Mrs. H, do you like constellations? The third grader stops me in the library. I found the big dipper twice. I tell him I look at the sky every chance I get. I look at his sweet face. I ask him if he's ever found Orion's Belt. It's an easy one to find, I tell him. He shakes his head no, and tells me he likes to find his own constellations. Dragons, mostly. I tell him maybe one day he'll discover a constellation so amazing they will name it after him. He is so visibly pleased with that the idea, it makes me want to cry. That would be so cool.
His mother's stomach strains against the buttons on her coat. The winter has been mild, but she wears it when she picks him up after school. She pushes a stroller with a sleeping toddler. Her long hair is pulled back neatly today in a ponytail. The rubber band is just a rubber band. The kind you keep in the top drawer in the kitchen.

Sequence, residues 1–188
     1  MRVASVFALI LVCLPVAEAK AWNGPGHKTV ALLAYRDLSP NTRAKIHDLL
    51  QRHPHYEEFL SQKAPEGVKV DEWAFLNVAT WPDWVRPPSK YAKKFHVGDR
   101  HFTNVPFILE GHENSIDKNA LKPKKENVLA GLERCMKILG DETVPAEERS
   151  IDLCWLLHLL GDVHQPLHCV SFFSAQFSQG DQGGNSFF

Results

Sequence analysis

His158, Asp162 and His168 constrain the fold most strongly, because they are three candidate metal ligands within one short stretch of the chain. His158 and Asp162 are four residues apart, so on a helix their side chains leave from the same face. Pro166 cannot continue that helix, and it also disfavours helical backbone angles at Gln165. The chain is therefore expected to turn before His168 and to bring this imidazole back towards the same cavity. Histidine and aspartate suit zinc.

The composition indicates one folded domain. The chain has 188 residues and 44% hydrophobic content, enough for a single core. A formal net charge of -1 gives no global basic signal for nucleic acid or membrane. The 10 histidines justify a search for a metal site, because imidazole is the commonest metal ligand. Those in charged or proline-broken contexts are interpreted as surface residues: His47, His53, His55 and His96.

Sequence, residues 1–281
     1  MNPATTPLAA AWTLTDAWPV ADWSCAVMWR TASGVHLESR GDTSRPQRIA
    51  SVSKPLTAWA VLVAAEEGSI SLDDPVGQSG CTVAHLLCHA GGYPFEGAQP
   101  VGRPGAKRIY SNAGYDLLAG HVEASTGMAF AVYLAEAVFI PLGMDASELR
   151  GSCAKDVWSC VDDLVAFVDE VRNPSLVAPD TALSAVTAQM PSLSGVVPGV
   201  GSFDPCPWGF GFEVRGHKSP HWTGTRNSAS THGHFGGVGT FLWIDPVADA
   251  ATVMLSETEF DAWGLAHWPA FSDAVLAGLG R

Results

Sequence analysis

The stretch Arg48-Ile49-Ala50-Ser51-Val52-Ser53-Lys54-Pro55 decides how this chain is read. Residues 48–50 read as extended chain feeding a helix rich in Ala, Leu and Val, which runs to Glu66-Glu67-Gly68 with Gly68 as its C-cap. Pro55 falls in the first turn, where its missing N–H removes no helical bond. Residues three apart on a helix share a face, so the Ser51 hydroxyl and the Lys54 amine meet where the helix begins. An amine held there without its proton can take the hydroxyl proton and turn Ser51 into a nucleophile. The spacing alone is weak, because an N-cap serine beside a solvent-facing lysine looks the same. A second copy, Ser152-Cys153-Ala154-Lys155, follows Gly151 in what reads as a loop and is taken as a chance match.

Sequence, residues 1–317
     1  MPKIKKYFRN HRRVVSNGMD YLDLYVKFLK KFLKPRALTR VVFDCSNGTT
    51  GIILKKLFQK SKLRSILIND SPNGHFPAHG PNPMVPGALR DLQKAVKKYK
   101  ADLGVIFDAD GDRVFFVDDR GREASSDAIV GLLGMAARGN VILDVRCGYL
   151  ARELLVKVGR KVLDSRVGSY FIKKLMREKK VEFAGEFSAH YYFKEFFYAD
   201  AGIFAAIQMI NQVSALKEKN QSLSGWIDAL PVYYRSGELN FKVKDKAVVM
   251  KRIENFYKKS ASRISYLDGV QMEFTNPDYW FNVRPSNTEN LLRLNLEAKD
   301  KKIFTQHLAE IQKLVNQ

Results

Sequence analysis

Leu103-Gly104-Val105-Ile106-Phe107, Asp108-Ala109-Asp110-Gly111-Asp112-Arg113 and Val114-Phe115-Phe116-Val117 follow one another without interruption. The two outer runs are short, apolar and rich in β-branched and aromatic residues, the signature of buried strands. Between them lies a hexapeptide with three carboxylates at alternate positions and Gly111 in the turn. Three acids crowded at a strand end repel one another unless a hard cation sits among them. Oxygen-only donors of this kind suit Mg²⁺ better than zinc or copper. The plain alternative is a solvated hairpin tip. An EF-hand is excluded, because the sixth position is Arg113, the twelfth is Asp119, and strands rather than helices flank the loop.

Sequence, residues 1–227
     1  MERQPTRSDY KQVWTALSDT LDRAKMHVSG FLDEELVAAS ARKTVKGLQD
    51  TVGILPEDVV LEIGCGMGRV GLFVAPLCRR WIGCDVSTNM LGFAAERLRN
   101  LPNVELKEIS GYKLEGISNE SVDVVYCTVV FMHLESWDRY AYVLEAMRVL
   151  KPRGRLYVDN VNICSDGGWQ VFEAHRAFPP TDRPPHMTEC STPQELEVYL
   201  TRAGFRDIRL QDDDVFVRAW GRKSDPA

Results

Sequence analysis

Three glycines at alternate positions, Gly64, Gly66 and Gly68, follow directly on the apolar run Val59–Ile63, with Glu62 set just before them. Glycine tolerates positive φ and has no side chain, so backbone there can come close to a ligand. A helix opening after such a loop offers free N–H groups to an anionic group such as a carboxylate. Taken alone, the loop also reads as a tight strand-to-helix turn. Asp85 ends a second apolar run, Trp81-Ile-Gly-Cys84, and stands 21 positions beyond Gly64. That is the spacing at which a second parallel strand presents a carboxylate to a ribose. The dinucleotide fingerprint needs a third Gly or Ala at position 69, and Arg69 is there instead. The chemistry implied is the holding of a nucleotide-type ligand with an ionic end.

I know things are hard. I want to ask her when the baby is due. If her husband ever came back. If she knows how much her boy loves to look at the stars. I think I might tell her there is a planetarium right here in the city. You can take your kids on Monday nights and look through a giant telescope and it doesn't cost a thing.
She says hello and smiles at me. She lets me know she has a new waitress job at one of the neighborhood restaurants. I wonder how long she will able to keep it with the baby due so soon. Monday, Wednesday and Friday, I'll be at the new restaurant on Massachusetts. I'll stop in one night, I tell her.
If I knew her better, I'd tell her about the planetarium on Massachusetts Avenue. I'd offer to take her boy one Monday night myself. But I don't. Her son is not even in my class. He just likes to talk to me about stuff. I watch her walk away with her stroller, her swollen feet, and her boy who loves to make up his own constellations.
He turns and waves to me.
Don't forget to look for dragons tonight, Mrs. H.